We at Acunetix marry the best of both worlds in the best way possible:

  • The Acunetix scanner is primarily a behavior-based scanner. Our advanced checks are all designed individually and perform safe (mock) attacks. Not only that – in most cases, we can even prove that the attack was successful by showing you, for example, a file that the scanner should never have access to (like your server configuration file). This is a unique ability that most scanners don’t have.
  • Since our scanner also checks for things such as outdated software versions as well as provides SCA functionality, we use some signature-based checks, too, where applicable and where no custom code is needed. This makes scanning faster and less intense on the target – Acunetix is often recognized to be the most efficient scanner on the market.
  • Acunetix goes around the limitations of signature-based scanning, and instead of using hash-based signatures, it can recognize many vulnerabilities even if the code or the response were slightly modified.
  • Our scanner also combines the advantages of signature-based scanning with those of active scanning, sometimes even within the same vulnerability check. For example, if we are able to determine a software version through signature-based scanning, our actual vulnerability check for that software may take the found version into consideration and optimize the test accordingly. This makes the vulnerability check not only faster but also more reliable.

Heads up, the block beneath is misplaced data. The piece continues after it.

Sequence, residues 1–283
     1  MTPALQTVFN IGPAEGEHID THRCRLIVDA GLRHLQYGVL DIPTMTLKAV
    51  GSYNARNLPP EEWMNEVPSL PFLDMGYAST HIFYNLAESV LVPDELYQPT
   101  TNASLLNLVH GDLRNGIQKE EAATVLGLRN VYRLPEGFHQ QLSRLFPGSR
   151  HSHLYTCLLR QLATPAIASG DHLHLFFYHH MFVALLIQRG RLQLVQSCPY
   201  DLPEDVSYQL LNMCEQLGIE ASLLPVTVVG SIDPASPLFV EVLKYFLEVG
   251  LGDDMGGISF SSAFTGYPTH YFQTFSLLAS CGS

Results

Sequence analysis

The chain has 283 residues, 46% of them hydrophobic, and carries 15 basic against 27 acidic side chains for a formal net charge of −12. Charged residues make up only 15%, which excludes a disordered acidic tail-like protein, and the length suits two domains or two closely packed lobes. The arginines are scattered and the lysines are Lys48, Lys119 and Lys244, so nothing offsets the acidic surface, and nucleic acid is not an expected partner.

Note that despite the fact that many vulnerabilities found by Acunetix are identified with CVE/CWE codes, we don’t use such databases for anything other than the identification of known vulnerabilities. Vulnerabilities in custom software will not have such codes because the core strength of Acunetix is that it is able to find issues that are not recognized in any database.

Tomasz Andrzej Nidecki
Principal Cybersecurity Writer
Tomasz Andrzej Nidecki (also known as tonid) is a Primary Cybersecurity Writer at Invicti, focusing on Acunetix. A journalist, translator, and technical writer with 25 years of IT experience, Tomasz has been the Managing Editor of the hakin9 IT Security magazine in its early years and used to run a major technical blog dedicated to email security.